Chapter 37: New Friends
I am a “born again” Christian. I became a Christian in 1977 and had been very active in all of the churches I’d attended. I’d also spent 2 years in Montreal with the Mennonite Central Committee just 2 years after I became a Christian. However, when I met and then married Dave I fell away from the church. None of the people at my church felt I should marry him. They didn’t give us counseling as we’d requested but were very quick to react once we decided to live together. Of course they were right. But I didn’t see that and was quite bitter over our treatment for many years. I still felt that I was a Christian but God certainly wasn’t a major part of my life. Although Dave had told me he was a Christian when we first met, he wasn’t living as one. I now know that if someone is busy living like a non Christian then it isn’t too likely that he has a good relationship with Christ.
It didn’t take long after Kayda arrived in my life before I knew I couldn’t do this alone. Over the years I grew closer to God once again. I tried to attend church with her a few times when she was quite young but she was very noisy and it just didn’t work out. I was still leery of getting involved in another church due to the judgmental way we’d been treated by my former church. I also feared that any church would kick me out if they found out that Dave & I had lived together before we were married. He never attended church with me.
When we purchased our house in 1995, I noticed that there was a small church just down the street. It intrigued me. However, I noticed that there was no wheelchair ramp. And as it was very small I knew there would be no way for me and Kayda in her giant casts to be invisible and unobtrusive which is how I prefer to introduce myself to people. I longed to be able to attend. Finally in the summer of 1997, Kayda was out of casts and as she no longer needed to wear her brace during the day her chair could be narrowed to a normal width. Just the day before her chair was adapted I found a flyer in our mailbox announcing a children’s program at the little church each evening that week. That was all the encouragement we needed. The day after her chair was narrowed we went to the church to attend the children’s program. I just went to the door when we arrived and asked if someone could help carry Kayda up the stairs. We quickly had volunteers. Once we were seated, I noticed that someone I’d worked with many years earlier (Heather) was there. I remembered from when we worked together that she was a Christian and was just home from Bible school. We’d gotten along quite well back then so once I realized that this was her church I knew that this was the right place for Kayda and myself. We enjoyed the program that evening. I told Heather that we would try and attend as much as we could on Sundays. It felt so good to be back in church.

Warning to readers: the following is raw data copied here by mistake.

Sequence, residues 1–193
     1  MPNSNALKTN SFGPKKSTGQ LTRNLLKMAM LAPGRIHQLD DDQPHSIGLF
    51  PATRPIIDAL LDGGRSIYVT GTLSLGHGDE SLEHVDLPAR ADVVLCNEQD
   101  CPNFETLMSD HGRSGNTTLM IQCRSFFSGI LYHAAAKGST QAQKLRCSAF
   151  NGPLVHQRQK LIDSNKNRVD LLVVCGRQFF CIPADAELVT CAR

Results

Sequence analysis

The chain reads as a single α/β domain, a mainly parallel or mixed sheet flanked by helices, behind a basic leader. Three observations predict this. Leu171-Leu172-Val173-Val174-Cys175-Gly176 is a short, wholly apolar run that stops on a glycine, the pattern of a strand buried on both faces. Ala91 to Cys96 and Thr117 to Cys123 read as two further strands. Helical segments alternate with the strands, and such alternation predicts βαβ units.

So, that next Sunday morning Kayda and I drove the short drive to the church. That was the morning after Princess Diana died. As soon as I heard prayers being offered for Princess Diana’s family and those in the car, I knew that this was a good place for us to be. I don’t really know why that was so important to me, but it was. Kayda wasn’t well enough to attend church every week but we went as often as possible and I always attended when she was at respite. Every week several men were very quick to come and carry Kayda and her chair up and down the stairs. Even though people were a little unsure of how to relate to Kayda at first, her smiles quickly broke down any barriers and people realized that she was just a little girl. It helped that Heather worked with people like Kayda. She was one more person that was comfortable with Kayda right away. Kayda loved church. She especially loved the sermon as she thought it was a story. She enjoyed the singing too. I usually held her during the sermon just to keep her quiet-even though one lady kept telling me she was too big. When the sermon was over Kayda would often complain. And, when we were downstairs having coffee after the service Kayda clearly recognized the voice of the man who gave the sermon. She loved him and always had a big smile when he spoke to her.